Sunday, February 26, 2006

Lk 2:19-22

"Jesus answered them, “Can the wedding guests fast while the bridegroom is with them? As long as they have the bridegroom with them they cannot fast. But the days will come when the bridegroom is taken away from them, and then they will fast on that day. No one sews a piece of unshrunken cloth on an old cloak. If he does, its fullness pulls away, the new from the old, and the tear gets worse. Likewise, no one pours new wine into old wineskins. Otherwise, the wine will burst the skins, and both the wine and the skins are ruined. Rather, new wine is poured into fresh wineskins." (Lk 2:19-22)

In today's Gospel, we hear the self-spoken characterization of Christ as the bridegroom, the bride being the Church. Christ also prophecies of his own death, and subsequent departure from this world that would happen even after his Resurrection. Jesus Christ knows that there would be some new channel necessary for His message to be proclaimed. He does this by establishing the Church. Christ came and fulfilled to the utmost degree all the prophecies of the prophets that we still revere today. But though he came to fulfill Judaism, and though he came not to destroy the law but to fulfill it (Mt 5:17), He establishes an entirely new Church with a new structure.

In the time after the plans to convene the Second Vatican Council were announced by Pope John XXIII, one of his aides made the suggestion that he simply pick back up on the First Vatican Council. "We are already infallible enough," he said, and dismissed the idea in favor of a new council. Just so, Christ establishes a new Church and in this Church, He weaves His divine will, as God, just as he says in the metaphor for the new, unshrunken cloth and fresh wineskin. The very purpose of Judaism was Jesus Christ, and when Christ came and fulfilled His purpose, Judaism had run its course. It was time for the old to step aside for the new, not because‘s hip and new, but because it was the God’s plan. The new was the Church which Christ founded and which He ordered to teach all nations, baptizing them, and teaching to observe all that He has commanded them. One of the commands Christ left us was to eat of the flesh of the Son of Man and drink His blood, lest we have not life within us.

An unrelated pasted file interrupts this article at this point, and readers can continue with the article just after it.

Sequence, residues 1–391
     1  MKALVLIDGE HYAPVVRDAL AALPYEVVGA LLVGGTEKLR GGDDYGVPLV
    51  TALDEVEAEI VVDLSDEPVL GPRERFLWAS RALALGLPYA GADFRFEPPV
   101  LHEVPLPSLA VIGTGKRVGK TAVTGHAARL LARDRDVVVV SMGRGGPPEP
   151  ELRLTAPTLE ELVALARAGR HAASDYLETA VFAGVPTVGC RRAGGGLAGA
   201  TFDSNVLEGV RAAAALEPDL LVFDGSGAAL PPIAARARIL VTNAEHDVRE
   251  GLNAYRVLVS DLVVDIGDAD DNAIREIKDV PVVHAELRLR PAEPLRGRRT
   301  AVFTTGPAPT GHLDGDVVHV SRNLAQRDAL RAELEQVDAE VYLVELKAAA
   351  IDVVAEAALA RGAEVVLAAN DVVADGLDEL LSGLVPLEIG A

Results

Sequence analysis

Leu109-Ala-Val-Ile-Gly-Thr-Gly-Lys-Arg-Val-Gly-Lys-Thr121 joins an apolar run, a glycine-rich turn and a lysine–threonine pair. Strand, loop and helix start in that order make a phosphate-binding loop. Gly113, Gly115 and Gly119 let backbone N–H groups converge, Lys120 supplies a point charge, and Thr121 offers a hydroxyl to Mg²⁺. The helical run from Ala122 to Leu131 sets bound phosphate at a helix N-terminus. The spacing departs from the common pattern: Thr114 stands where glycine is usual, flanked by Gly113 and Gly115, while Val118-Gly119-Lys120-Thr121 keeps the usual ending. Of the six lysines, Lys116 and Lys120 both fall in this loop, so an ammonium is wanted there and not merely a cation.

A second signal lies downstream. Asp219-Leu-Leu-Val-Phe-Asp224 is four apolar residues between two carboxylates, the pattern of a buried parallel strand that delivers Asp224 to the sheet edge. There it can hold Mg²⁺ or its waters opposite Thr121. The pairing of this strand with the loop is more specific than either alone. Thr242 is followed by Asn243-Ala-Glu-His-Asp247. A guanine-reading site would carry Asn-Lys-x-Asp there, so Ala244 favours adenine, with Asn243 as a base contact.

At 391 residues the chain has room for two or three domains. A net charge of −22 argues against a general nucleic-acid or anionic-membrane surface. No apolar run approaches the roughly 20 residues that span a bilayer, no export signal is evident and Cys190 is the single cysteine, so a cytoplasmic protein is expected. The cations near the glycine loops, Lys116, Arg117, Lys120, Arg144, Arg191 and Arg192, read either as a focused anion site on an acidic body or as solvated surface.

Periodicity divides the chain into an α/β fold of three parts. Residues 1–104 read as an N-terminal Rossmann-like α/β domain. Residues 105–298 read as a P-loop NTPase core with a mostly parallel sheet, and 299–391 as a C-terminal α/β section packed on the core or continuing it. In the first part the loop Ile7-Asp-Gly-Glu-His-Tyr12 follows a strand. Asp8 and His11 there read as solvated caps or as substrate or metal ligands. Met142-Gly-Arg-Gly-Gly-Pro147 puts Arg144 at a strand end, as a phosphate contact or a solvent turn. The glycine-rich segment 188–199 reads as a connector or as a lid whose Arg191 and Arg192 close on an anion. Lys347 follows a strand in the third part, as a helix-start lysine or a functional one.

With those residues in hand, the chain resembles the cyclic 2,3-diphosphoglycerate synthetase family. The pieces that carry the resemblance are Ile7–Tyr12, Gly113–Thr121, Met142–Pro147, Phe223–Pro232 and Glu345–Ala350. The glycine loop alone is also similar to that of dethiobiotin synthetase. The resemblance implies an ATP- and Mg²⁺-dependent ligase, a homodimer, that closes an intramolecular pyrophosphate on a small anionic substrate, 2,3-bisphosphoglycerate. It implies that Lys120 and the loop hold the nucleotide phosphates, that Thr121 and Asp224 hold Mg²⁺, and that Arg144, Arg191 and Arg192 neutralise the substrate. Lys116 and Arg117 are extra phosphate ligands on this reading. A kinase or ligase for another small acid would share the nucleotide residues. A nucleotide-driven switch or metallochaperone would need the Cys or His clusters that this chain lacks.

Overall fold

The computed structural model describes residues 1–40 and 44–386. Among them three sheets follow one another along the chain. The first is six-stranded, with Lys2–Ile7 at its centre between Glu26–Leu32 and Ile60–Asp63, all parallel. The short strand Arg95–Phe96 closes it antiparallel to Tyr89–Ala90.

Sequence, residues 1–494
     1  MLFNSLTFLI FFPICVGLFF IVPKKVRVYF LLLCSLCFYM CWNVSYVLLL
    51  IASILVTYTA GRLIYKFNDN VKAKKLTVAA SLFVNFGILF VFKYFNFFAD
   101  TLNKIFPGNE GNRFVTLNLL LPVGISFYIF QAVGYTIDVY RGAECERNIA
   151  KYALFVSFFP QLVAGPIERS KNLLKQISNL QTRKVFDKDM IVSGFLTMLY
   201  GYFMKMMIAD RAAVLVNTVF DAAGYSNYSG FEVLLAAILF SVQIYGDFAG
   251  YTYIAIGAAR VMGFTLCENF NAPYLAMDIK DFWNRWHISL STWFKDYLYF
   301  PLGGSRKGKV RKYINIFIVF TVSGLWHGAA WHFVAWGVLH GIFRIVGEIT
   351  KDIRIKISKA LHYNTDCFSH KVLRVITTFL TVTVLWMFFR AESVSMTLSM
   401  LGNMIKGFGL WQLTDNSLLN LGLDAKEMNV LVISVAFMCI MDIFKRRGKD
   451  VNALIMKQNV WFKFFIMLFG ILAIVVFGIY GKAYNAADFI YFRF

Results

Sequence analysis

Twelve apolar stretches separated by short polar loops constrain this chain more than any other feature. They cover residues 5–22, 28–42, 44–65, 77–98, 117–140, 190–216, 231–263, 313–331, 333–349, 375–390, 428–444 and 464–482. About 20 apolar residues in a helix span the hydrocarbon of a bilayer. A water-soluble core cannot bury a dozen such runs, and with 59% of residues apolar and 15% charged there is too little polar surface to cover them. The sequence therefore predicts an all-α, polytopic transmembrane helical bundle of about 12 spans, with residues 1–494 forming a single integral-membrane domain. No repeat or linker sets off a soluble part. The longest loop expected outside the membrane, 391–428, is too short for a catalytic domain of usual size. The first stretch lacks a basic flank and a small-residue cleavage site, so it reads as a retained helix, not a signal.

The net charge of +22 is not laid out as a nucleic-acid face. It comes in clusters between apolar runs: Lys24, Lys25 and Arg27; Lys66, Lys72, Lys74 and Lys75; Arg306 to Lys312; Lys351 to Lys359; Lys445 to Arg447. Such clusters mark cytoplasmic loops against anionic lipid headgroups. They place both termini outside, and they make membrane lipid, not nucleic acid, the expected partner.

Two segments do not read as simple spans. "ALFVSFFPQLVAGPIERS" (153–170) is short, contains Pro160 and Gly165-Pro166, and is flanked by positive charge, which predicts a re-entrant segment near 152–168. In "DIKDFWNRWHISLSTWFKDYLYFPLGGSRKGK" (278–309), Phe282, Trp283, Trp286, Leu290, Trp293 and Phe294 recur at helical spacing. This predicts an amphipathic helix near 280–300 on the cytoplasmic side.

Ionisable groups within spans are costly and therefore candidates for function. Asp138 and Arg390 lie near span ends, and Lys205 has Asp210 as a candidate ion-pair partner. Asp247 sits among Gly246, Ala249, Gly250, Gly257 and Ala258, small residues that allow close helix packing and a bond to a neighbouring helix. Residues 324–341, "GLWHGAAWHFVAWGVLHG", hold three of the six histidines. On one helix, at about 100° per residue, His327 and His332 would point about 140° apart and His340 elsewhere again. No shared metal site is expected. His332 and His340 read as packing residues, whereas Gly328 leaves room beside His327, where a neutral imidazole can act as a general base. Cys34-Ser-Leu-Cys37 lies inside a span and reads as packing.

In Acts of the Apostles, we see the Apostles pass this mandate and power on to new men. The power is the power to confer the Sacraments. The chief among these Sacraments was the Eucharist. This "new" Christ speaks of is the Church, and the Church is the caretaker and deposit of the New Covenant in Christ’s Blood (Mt 26:28).

In the letter of St. Paul to the Corinthians, we hear Paul talk about the spirit. St. Paul says that "for the letter brings death, but the Spirit gives life." Now, this is not to say that we can dismiss the teachings of the Church because "hey man, it’s all about the spirit", but rather that spirit is necessary for true followers of Christ.

Take no greater example than Christ himself. When Jesus is out in the desert for forty days and forty nights, Satan tempts him tries to lure him into sin. "If you’re so damned spiffy, turn these rocks into bread" and what not. Christ shows such spirit in those times of trial, and when He has comes back after weeks away in the desert, the first thing that should come to mind is His spirit. We speak of the "spirit", but do we actually see it and when we do, do we see it for what it is? Spirit is character, it is integrity, it is perseverance, and it is faith. Spirit does not exist without these virtues, nor vice-versa. Also, in the time Christ spent in the desert, we must remember that Christ combated the empty promises and temptations of the devil with what? He combated and refuted them with the law and the letter. "Is it not written?" is Christ’s catch phrase during this time. So we should not take St. Paul’s word as a pass to ignore in any or all parts the letter, as that would be defying the example of Christ, the man whom St. Paul told us he imitates.

St. Paul further tells us "You are our letter, written on our hearts, known and read by all, shown to be a letter of Christ ministered by us, written not in ink but by the Spirit of the living God, not on tablets of stone but on tablets that are hearts of flesh." I’m not sure about you, but I get a little nervous reading this. How can one not be, when St. Paul is revealing to us that it is upon our very hearts that the letter of the spirit of God is to be written upon? This is a call to live our lives with integrity, with practicing what we preach, so that the law of God may be noticed in the letter and in our example, in our spirit. We are called by Christ to be salt and light, but in order to be able to do that we must first be light that shines and salt that brings out flavor. If we do this, our hearts will be written on with the spirit of God. When we harden our hearts so it is unsuitable to be temples of the word of God, there is always the Sacrament of Confession where Christ is willing to accept us back, clean the slate, and soften our hearts that we might be suitable temples of the living God, true light and shines and true salt that brings forth flavor, and soften our hearts so we may live without hypocrisy and with integrity the faith we hold and the standards we expect, or at least should expect, from ourselves and from others. Christ is waiting to hear back from you, so especially in this season of repentance and of sacrifice, let us return to the Lord in Confession and receive His of forgiveness.

Come, Holy Spirit, fill the hearts of thy faithful and enkindle in them the fire of your love.